A notorious Colombian drug lord, Pablo Escobar was the founder and leader of the infamous Medellín Cartel. His drug cartel monopolized the cocaine trade into the United States and he became one of the wealthiest criminals ever in history. Dubbed "The King of Cocaine", he left behind a controversial legacy upon his death at the age of 44.
Ted Bundy was an American serial killer who kidnapped, raped and murdered a number of women and girls during the mid and late 1970s. He ultimately confessed to his crimes and was sentenced to death by electric chair. Later, the life of one of the most notorious criminals of the late 20th century inspired a number of books and movies.
Edmund Kemper is a serial killer, rapist and a necrophile. He was charged, convicted and sentenced to eight concurrent life sentences in 1973 for murdering ten people, including his paternal grandparents and mother. Most of his victims were female college students and hitchhikers, whom he lured into his vehicle and then killed them. He later decapitated and violated them.
An Italian-born gangster, Lucky Luciano is regarded as the father of modern organized crime in the US; he served as the first boss of the Genovese crime family. He also played a key role in the rise of the National Crime Syndicate. His life and style inspired several films, television series, and books. His eponymous biopic was released in 1973.
From being an infant whose both legs were amputated below knee, Oscar Pistorius went on to become a top athlete with wins in Paralympic Games and other sporting events. The South African sprinter also became the first amputee runner to compete at the Olympics Games. However, later, he was convicted for the murder of his girlfriend and is currently imprisoned.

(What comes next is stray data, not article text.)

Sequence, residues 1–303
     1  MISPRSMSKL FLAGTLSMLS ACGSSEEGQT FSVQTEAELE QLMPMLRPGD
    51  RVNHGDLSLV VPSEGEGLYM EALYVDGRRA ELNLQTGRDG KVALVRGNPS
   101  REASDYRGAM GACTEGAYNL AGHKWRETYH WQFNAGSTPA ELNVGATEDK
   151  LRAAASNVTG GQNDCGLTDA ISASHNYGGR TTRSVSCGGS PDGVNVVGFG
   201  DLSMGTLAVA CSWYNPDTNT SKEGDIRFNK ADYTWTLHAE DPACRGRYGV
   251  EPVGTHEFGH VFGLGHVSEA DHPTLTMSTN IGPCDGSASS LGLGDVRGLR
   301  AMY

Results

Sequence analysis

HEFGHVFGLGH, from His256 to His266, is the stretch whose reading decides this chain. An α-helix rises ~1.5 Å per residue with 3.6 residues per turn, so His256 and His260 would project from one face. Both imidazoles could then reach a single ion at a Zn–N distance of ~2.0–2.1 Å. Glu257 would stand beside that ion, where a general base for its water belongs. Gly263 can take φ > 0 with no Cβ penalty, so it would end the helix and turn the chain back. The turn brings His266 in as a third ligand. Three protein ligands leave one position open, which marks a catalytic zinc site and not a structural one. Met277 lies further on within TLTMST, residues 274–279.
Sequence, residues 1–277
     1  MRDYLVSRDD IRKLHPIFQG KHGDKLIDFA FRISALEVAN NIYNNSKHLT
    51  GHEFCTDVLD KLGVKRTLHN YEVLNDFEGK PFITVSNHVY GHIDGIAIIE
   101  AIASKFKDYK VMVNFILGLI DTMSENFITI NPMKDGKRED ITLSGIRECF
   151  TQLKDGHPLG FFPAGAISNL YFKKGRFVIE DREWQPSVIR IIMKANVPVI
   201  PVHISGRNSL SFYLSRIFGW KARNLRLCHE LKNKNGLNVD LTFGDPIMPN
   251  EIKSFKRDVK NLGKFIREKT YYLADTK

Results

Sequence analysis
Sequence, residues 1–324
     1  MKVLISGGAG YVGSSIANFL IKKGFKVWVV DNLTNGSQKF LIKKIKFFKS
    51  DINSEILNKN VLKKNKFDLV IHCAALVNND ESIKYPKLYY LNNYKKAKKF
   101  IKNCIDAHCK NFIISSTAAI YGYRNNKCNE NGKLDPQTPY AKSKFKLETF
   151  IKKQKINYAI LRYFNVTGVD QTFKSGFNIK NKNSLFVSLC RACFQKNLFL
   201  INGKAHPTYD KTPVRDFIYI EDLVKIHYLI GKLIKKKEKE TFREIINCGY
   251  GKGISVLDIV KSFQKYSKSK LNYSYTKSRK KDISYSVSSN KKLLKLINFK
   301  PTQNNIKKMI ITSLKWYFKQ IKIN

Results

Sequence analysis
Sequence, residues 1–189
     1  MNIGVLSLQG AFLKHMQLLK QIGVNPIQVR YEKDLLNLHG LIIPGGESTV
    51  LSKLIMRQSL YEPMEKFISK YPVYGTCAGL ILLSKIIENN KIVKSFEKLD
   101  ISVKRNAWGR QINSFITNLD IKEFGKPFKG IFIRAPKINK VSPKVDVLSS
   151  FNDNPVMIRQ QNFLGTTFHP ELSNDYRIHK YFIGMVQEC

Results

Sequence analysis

The Robin Hood of Australia for many and villain for others, Ned Kelly become immortal not just for his murderous confrontation with the police, but also for his reported last words “such is life”. The bushranger and outlaw remains a cult figure in Australia even a century after his execution. His sympathizers considered his as a champion of the poor.
Dennis Nilsen was a Scottish necrophile and serial killer who killed at least 12 boys and young men between 1978 and 1983. Also known as the Muswell Hill Murderer, Nilsen committed these crimes in London, England, where he would lure his victims into his house before strangulating them to death. He was convicted in 1983 of six counts of murder.
A former member of the notorious Charles Manson's "Family," Patricia Krenwinkel is a criminal who has participated in multiple murders. She was part of the gang that murdered actress Sharon Tate, who was pregnant at the time of her death. Krenwinkel has been denied parole fourteen times and is currently incarcerated at the California Institution for Women.
Wareen Jeffs is the Leader of the Fundamentalist Church of Jesus Christ. He is currently in jail after being convicted of sexual assault on minors. Like his father, Warren Jeffs is also notorious for polygamy and presiding over murky affairs at his church. Born prematurely, he appeared in the FBI’s 10 Most Wanted List in 2006 following allegations of arranging marriages of underage girls.
Former bare knuckle boxer Charles Salvador, also known as Charles Bronson, is also a highly infamous criminal, who was once convicted for an armed robbery. Known for his violent temper, he later penned several books, one of them on fitness. He is also a talented painter and poet.